There have also been similar efforts to get more eyes on other less-represented populations in the field, including both gender and racial identities. #VisibleWomen was the first I saw, but I’m in favor of any moves to improve representation in creative work. So keep both your eyes and your mind open. Who knows what fresh awesomeness you’ll see.
Regularly scheduled critter cuteness will ideally resume on March 13. Til then!
Aren’t the Olympics wonderful? I’ve been marathoning pretty much any and all the events ‘round the clock. Thank goodness for vods, or I’d look just as zonked as Dog.
My favorite part of this Winter Games has definitely been the halfpipe snowboarding. The whole sport seems to have a refreshing amount of camaraderie. The riders usually had hugs for each other and smiles for the camera after their runs, good or bad. Even the commentary duo (at least the pair on the event stream) had kind things to say about each and every athlete. It was exciting to see the whole international crowd being so driven to perform their best while still keeping that bright attitude. Besides, it seems to be an unspoken prerequisite that all snowboarders are total cuties. What’s not to love?
I’m happy to have Dog and Bird learning about this unique event. I think the comic was running during the 2016 games in Rio, but I was in the middle of the critters’ most narrative story arc and so they never got to talk about them. Given what a fascinating slice of humanity they reveal, expect a few more strips putting an anthropological lens on the Olympics. I promise there won’t be any more quips about competitive guacamole eating. (Unless the IOC gets back to me…)
Last week was an exciting milestone for the critters. With Dog and Bird reaching 200 strips, this has been a perfect time to reflect on where the comic came from and where it’s going.
First things first, the comic is continuing! Tune in here every Tuesday and Thursday for the latest antics and puns. I’ve got a couple story arcs on the back burner that should be coming to the forefront this year. Will Bird ever find a vocation? Want to see more of Hoo or Mama B? Is there really a squirrel conspiracy? All will, at some point, be revealed!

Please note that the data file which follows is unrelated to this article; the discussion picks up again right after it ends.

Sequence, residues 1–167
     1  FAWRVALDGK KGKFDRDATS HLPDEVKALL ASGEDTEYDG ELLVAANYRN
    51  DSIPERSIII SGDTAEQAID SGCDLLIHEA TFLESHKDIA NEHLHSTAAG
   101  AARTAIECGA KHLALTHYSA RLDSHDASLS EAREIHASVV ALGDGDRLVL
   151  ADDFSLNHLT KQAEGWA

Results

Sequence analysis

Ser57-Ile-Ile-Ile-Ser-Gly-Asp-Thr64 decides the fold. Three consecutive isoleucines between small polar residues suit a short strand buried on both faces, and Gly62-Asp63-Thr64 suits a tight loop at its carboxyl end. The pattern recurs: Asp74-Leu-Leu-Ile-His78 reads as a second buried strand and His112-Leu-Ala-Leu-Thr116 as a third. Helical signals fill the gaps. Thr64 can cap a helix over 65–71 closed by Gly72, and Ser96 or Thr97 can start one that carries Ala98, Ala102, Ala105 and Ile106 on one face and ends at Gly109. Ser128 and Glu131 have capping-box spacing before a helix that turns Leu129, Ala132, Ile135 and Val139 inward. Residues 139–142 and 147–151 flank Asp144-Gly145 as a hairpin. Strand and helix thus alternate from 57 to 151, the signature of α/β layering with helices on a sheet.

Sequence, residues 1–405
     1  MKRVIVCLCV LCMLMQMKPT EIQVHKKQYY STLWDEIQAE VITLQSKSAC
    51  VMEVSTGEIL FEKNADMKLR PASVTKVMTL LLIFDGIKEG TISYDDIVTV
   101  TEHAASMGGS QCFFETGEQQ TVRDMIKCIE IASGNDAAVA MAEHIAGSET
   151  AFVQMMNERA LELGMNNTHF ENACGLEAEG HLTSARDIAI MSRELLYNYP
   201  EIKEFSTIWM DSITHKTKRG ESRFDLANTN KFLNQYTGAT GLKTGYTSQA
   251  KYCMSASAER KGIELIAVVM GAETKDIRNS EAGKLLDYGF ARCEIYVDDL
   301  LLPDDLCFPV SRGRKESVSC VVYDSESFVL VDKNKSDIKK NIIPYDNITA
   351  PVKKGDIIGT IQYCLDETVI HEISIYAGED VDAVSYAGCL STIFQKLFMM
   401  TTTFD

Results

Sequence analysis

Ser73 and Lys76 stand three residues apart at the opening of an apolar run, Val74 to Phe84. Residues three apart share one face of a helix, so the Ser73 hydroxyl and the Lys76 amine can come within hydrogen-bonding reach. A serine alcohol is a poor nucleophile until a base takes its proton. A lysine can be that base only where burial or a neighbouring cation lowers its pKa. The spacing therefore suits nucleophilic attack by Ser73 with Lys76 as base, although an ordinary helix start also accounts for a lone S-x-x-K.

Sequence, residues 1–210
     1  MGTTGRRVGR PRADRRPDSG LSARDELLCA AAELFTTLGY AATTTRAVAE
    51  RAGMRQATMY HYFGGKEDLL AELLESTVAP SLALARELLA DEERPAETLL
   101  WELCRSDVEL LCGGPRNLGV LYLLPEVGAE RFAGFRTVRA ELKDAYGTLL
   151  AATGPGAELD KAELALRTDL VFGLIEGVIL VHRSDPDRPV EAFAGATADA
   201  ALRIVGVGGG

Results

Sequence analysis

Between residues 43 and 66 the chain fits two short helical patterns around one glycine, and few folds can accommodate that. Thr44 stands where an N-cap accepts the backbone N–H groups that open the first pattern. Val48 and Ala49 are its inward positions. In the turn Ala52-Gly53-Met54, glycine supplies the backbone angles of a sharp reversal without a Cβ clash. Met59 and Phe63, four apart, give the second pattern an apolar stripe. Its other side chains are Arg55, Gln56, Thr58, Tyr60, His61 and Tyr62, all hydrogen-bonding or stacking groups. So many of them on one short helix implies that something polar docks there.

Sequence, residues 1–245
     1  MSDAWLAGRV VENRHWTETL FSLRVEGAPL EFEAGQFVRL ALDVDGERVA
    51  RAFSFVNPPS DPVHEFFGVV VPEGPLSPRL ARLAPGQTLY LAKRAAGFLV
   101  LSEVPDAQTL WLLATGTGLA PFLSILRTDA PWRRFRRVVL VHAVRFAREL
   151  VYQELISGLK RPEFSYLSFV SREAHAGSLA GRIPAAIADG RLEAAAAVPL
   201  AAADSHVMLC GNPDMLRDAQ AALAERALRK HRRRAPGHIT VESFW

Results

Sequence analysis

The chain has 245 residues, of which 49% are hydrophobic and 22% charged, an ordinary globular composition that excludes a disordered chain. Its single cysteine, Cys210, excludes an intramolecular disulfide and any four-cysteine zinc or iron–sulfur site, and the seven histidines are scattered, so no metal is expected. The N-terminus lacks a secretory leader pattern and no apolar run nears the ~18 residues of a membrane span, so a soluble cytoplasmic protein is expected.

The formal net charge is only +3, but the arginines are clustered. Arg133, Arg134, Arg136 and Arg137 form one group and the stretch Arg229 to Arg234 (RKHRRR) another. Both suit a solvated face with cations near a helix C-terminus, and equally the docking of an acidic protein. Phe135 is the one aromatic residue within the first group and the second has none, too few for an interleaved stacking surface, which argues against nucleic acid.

Second, I am going to try something new this year. Dog and Bird has been an online project for two and a half years. Over the course of 2018, I’m going to work on a zine. Yes, that means Dog and Bird will be taking a physical form for the first time ever!
Why would I do such a thing? Mostly, to see if I can. Learning how to write for the contained space of a twice-a-week comic has been an incredible challenge. I’m excited to try something a little lengthier, just to see how it goes. Plus, I’m just a retro person. Once something’s put in print as a physical copy, it just takes on a different life for me than it can ever have online.
I don’t have tons of details to share at this point, but I am committed to making it happen. All I can say for now is that the zine will be a completely standalone narrative arc for Dog and Bird, and it will have all the same cute zaniness of the usual comics. Watch this space; whenever there’s share-worthy news, you’ll find it here.
Cheers to an exciting year ahead for all of us! <3
I posted the very first strip of Dog and Bird on this date in 2015. It’s so gratifying to make something that’s all my vision, my humor and to keep it alive for this long. I’m proud of the milestone and of the progress the comic has made in two years.
Because wow, has it changed. At the beginning, the art was rough. The joke setup, when it existed, was accidental. The image quality was real, real bad. But any time I look back at those first days of the comic, it still makes me very happy. I see a spark of genuine joy in my early efforts, and that’s why I keep putting in the slow work to keep improving. I do this for my own satisfaction, but also to carve out a little corner of the internet where people can find some happiness.
Thanks to each of you who reads the comic. I’m delighted you also found a little joy in what I do.
Onwards and upwards, critter fans!